There´s plastics and plastics, thousands of them, some can be glued , some can not.

In principle, and until somebody develops a very specific product for it, consider Nylon "ungluable" , at least if parts have to stand significant flexing/twisting.
Design - Make - Service Audio Equipment since 1969.

rackmonkey

Whether you think you can or you think you can't, you're probably right.

Re: Adhesives
« Reply #7 on: April 07, 2019, 08:03:17 AM »
Id avoid hitting it with anything mechanical , theres not really a need ,and it could generate heat and cause slight melting or deformation of the flatness , Nylon is one of the more slippery plastics , your definately going to want to key it up to get good adhesion , Id say make a small sanding block ,lay the nylon flat then rub both surfaces in the same  direction not randomly or in circles , basically so the roughness on both work pieces run parallel and at 90 degrees to the direction you require maximum strenght ,that should  make best use of the extra surface area  you create .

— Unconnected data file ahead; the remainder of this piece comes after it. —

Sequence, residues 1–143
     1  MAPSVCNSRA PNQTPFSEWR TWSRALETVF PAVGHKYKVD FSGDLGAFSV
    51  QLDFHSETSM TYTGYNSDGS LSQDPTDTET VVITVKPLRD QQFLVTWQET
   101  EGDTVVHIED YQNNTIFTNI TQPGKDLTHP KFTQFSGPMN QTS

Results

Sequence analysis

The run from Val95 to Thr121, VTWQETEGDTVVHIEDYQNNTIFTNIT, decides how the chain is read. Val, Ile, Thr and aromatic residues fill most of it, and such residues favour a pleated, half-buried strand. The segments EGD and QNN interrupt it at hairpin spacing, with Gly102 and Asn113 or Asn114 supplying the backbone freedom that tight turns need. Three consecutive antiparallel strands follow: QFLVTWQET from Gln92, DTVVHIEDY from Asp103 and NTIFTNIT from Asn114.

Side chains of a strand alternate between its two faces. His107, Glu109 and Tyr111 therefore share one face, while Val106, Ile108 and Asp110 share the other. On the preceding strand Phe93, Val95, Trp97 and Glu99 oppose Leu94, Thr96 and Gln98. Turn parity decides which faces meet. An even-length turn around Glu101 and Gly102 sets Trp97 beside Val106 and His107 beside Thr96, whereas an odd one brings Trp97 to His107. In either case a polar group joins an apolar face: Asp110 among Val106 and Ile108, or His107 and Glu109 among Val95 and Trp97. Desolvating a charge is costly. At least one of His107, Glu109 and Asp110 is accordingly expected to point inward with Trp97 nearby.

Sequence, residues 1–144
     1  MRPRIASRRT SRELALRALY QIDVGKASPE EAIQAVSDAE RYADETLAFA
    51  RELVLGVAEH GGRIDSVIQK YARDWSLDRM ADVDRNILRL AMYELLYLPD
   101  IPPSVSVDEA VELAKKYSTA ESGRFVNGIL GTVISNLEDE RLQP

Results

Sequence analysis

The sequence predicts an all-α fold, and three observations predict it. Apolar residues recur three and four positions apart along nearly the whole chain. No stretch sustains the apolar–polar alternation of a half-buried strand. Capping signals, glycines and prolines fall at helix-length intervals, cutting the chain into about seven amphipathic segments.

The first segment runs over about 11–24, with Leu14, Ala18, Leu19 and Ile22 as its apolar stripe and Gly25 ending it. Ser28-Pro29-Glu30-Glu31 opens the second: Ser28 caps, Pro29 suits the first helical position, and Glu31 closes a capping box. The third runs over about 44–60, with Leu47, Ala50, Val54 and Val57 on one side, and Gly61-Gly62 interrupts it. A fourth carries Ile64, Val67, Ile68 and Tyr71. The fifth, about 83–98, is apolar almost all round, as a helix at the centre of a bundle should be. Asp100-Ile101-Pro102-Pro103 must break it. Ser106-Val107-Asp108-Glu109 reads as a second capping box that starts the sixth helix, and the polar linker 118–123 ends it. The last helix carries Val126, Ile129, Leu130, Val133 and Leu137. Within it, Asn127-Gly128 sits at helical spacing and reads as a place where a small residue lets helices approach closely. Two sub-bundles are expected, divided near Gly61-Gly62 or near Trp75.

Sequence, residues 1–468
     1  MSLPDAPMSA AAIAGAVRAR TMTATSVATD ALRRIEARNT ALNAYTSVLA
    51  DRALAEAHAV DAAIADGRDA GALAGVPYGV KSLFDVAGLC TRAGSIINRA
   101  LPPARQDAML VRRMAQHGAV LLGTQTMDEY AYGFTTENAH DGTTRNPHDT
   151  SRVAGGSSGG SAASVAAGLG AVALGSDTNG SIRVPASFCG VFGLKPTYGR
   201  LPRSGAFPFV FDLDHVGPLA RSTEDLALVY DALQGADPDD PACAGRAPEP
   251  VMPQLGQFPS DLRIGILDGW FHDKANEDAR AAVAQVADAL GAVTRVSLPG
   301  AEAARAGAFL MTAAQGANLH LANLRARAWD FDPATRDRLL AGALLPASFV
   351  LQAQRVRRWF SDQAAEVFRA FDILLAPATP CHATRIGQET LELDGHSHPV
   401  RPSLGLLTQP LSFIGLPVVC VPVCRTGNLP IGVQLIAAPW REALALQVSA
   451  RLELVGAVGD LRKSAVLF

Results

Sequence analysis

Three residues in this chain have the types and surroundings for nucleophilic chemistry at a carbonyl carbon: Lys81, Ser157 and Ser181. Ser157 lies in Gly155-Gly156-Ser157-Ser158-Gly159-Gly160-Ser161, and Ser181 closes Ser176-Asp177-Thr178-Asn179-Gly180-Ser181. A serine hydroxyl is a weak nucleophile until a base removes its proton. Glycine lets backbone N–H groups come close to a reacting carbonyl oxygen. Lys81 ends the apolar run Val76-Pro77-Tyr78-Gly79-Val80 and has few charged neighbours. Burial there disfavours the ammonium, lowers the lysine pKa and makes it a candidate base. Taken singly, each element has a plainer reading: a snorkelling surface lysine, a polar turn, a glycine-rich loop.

Theres a two part epoxy we use in work , most often its used to secure motor stators in housings , but Ive also used it for potting plastic terminal enclosures/cable entry glands in submersible pumps  , its very liquid ,takes 12 hours to cure , is full of chemical nasty , but sticks like sh!t to  a blanket,
We high temp oven bake motors  , 5 minutes with two gas torches then  a  'ton' lift crane used as a pullers   to get  the stators  out of the  housings , on plastics its hammer and chissel job to get this stuff off . Cover your work area with newspaper or cardboard and use gloves while handling these 'funky' two part mixes , do have a spare rag handy to clean up spills or drops  too.

Gold

Re: Adhesives
« Reply #8 on: April 07, 2019, 02:08:19 PM »
I didn’t realize this would be difficult. I’ve gone to plan B. The reason I wanted to do it  in the first place was that I thought it would be straightforward. Nope.

Marik

Re: Adhesives
« Reply #9 on: April 12, 2019, 01:00:54 AM »